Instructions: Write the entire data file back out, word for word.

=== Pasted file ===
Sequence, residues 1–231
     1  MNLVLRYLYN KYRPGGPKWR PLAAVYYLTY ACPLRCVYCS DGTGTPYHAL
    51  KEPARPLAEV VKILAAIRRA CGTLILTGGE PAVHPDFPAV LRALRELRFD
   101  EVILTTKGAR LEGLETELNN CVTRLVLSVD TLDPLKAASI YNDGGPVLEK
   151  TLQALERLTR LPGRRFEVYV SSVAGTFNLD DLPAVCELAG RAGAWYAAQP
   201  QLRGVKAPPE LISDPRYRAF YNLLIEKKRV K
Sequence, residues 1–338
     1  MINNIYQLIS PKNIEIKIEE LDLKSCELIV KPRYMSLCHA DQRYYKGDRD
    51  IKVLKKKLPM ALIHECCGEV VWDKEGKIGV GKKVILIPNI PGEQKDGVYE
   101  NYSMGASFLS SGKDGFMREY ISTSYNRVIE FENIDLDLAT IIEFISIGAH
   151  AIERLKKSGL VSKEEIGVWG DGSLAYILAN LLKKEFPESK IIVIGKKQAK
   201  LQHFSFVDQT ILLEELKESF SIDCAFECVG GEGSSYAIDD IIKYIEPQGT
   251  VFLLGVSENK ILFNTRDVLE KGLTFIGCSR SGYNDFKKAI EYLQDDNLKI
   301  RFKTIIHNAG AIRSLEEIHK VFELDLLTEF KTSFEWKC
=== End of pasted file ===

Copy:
Sequence, residues 1–231
     1  MNLVLRYLYN KYRPGGPKWR PLAAVYYLTY ACPLRCVYCS DGTGTPYHAL
    51  KEPARPLAEV VKILAAIRRA CGTLILTGGE PAVHPDFPAV LRALRELRFD
   101  EVILTTKGAR LEGLETELNN CVTRLVLSVD TLDPLKAASI YNDGGPVLEK
   151  TLQALERLTR LPGRRFEVYV SSVAGTFNLD DLPAVCELAG RAGAWYAAQP
   201  QLRGVKAPPE LISDPRYRAF YNLLIEKKRV K
Sequence, residues 1–338
     1  MINNIYQLIS PKNIEIKIEE LDLKSCELIV KPRYMSLCHA DQRYYKGDRD
    51  IKVLKKKLPM ALIHECCGEV VWDKEGKIGV GKKVILIPNI PGEQKDGVYE
   101  NYSMGASFLS SGKDGFMREY ISTSYNRVIE FENIDLDLAT IIEFISIGAH
   151  AIERLKKSGL VSKEEIGVWG DGSLAYILAN LLKKEFPESK IIVIGKKQAK
   201  LQHFSFVDQT ILLEELKESF SIDCAFECVG GEGSSYAIDD IIKYIEPQGT
   251  VFLLGVSENK ILFNTRDVLE KGLTFIGCSR SGYNDFKKAI EYLQDDNLKI
   301  RFKTIIHNAG AIRSLEEIHK VFELDLLTEF KTSFEWKC